Bill, there's a product called Bt (which stands for Bacillus thuringiensis) that is widely used here to prevent/kill caterpillars that feed on food crops. It's organic approved and available at any nursery or garden center. It's a targeted product that only kills caterpillars that feed on the plant's leaves or stems after it has been sprayed on. Not sure if it will help with your vine borers after they have already gotten inside the vine, but it would kill any more that come along.

Just be VERY careful at this time of year if you use this product to not spray any butterfly host plants, as it will also kill butterfly caterpillars. Only spray when there is no wind and just get it on the pumpkins.
Elaine

"Success is stumbling from failure to failure with no loss of enthusiasm." –Winston Churchill
Name: Michelle M. Losey
NE Ohio, USA (Zone 5b)
Organic GMO free Squash Grower
Organic Gardener
Image
WARYR1
Aug 6, 2016 7:08 PM CST
I have never used BT but know of it.... I always just take a razor blade or my sharp mora and make a little slit over the borer area then use anything to pull those vine killers outta there! But just heard recently that if you go out at night and shine flashlight through back on the vines you can see where the lil critters are and just stick pins through them. That way you don't have to cut the poor vine. Never tried it but in theory it should work. I had a squash vine borer moth land right in front of me yesterday! GRRR the nerve of that thing Hilarious! Oh if you have to cut the vine make sure to cover the whole end and water well. Yeah might be too late to fix now but at least ya tried huh? If pumpkins are ok leave them on the vine till it shrivels up or they get ripe. Whichever comes 1st. Unless vine gets a disease which is entirely possible w/ vine damage. Next yr when babies have about 4 leaves or if you seeded them indoors when you transplant out... wrap as much of bottom as you can w/ tin foil fold it gentally around them so it will expand w/ vine grow. Don't crinkle it all up tight or it'll hurt your babies. bury the end that is closet to the ground w/ dirt. Others use floating row covers. I haven't had much luck w/ those. Like yesterday those moths can come and go in an instant and I found out even after being careful soon as I open it to hand pollinate the damn things swoop dwn like they've been plotting the attack for weeks Hilarious! also if you use row covers make sure you plant in area that never had squash/ pumpkins in it as the moths can hatch out under the covers. Someone said they wrap womens panty hose around the stem of the babies. I think i'll try that next yr. Seriously untill I moved to this house after I lost my farm is the 1st time I ever had vine borers. My councelor came up w/ a good reason he said "this is the 1st time in your life you don't have chickens!" Lightbulb moment for me! Our chickens were free range.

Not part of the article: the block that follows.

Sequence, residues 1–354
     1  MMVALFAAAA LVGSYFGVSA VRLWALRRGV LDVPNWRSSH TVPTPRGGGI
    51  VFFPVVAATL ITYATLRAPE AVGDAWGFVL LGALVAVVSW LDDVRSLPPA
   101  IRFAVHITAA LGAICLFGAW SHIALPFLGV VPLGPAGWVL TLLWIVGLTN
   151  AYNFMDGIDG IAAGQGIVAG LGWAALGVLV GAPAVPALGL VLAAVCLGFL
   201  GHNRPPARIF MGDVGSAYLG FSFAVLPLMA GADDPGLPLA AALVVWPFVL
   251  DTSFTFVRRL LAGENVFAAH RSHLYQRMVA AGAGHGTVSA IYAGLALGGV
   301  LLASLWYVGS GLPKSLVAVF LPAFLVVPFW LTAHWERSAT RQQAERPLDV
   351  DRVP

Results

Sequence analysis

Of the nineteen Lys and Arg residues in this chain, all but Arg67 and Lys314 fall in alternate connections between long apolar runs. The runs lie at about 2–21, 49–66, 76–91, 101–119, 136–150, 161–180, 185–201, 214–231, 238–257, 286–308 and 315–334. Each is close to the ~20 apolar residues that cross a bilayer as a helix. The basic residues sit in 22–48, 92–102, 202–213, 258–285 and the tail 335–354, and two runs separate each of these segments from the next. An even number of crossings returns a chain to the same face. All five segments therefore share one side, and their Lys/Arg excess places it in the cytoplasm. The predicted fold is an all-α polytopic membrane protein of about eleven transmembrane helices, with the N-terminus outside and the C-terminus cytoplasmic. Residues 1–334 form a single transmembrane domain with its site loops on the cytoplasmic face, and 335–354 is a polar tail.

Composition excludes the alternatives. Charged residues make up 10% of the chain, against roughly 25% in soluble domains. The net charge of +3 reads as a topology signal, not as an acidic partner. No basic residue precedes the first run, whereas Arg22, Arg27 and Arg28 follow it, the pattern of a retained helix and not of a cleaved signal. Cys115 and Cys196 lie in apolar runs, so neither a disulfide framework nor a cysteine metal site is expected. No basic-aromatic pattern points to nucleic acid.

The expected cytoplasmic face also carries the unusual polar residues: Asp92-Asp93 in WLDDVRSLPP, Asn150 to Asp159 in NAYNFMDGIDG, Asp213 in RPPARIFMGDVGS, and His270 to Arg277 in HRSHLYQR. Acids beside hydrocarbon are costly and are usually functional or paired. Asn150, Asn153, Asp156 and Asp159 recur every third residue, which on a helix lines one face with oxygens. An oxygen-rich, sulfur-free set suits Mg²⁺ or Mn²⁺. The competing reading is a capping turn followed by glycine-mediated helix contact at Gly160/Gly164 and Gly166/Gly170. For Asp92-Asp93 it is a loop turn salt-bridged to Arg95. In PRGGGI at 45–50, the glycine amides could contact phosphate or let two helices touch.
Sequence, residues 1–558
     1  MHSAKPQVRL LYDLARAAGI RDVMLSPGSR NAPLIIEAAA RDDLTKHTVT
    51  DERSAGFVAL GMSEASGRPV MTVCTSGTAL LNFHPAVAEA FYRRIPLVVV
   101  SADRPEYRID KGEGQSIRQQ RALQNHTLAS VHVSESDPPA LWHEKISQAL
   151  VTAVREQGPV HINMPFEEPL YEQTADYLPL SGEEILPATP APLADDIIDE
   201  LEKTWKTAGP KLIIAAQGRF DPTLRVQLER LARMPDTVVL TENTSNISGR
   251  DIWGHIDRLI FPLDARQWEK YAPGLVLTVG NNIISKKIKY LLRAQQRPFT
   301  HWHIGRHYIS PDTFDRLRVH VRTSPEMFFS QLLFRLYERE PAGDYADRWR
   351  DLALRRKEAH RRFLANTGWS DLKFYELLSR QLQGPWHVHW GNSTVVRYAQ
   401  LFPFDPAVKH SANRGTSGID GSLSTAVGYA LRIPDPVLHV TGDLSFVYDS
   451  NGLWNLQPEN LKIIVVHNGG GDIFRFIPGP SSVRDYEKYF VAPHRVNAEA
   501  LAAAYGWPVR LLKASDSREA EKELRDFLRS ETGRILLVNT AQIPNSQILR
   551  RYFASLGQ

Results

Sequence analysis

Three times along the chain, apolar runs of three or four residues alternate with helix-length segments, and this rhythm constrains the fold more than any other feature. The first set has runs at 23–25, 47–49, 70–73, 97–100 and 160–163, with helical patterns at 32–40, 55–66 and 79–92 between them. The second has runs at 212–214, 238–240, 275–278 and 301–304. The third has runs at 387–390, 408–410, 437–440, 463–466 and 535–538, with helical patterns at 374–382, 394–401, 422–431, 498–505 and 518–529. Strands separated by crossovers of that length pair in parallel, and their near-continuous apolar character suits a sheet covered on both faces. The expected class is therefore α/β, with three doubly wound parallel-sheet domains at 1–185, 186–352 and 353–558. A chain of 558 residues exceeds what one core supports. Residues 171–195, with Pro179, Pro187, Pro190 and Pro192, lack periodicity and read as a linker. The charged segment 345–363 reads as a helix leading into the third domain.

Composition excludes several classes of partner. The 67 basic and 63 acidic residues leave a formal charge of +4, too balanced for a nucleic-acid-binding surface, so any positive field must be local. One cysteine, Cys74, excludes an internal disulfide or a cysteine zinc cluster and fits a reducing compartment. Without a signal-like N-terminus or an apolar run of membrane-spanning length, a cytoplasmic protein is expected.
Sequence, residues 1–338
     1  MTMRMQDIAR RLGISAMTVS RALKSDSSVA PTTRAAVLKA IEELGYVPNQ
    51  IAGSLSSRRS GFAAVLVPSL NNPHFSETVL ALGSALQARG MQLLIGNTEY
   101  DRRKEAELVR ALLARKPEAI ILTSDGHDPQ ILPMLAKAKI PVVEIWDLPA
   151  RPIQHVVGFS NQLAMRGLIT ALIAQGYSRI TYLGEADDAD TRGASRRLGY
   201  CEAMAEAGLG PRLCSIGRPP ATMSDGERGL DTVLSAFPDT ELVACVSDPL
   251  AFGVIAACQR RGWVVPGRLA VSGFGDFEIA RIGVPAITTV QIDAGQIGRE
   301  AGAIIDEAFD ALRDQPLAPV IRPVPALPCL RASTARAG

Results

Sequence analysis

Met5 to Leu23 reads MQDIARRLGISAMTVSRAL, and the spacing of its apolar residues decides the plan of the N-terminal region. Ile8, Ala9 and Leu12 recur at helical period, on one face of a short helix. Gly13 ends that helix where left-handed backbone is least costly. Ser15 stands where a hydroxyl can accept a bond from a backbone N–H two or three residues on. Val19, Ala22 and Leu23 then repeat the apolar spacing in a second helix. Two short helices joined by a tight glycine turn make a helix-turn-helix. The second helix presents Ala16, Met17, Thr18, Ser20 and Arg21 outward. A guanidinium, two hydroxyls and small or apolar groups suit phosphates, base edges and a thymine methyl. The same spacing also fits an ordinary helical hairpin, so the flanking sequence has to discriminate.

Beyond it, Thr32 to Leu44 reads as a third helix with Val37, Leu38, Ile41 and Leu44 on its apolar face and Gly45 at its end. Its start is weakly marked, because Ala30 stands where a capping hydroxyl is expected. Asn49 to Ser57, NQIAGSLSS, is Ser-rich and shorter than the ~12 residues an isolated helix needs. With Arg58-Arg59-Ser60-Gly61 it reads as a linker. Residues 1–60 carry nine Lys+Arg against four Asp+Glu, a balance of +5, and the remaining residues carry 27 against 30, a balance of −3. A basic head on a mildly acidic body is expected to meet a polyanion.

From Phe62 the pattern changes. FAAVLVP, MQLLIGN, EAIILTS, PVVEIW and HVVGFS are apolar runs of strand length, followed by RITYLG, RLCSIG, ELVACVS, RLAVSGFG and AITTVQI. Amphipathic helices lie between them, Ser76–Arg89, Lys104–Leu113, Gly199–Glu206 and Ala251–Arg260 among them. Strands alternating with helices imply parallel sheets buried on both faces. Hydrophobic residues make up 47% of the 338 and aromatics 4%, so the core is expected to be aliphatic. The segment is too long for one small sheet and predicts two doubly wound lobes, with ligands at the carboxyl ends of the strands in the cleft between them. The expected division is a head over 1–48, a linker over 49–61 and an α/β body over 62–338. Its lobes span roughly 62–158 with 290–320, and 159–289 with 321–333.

Michelle M. Losey
WARYR1